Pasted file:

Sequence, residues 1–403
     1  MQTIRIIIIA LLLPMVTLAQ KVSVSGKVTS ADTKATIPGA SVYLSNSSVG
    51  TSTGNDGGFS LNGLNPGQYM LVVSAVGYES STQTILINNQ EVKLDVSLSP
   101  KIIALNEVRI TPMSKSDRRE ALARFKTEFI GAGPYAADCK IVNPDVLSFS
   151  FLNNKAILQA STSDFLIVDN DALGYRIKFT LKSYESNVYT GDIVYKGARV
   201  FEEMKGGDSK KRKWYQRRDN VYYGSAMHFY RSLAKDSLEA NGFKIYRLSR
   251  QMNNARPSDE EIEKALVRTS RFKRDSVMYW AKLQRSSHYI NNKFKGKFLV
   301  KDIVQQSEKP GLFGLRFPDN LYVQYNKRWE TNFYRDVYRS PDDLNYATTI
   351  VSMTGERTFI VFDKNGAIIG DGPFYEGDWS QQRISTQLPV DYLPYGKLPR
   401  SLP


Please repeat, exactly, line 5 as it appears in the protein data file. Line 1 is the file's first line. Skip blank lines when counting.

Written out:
   151  FLNNKAILQA STSDFLIVDN DALGYRIKFT LKSYESNVYT GDIVYKGARV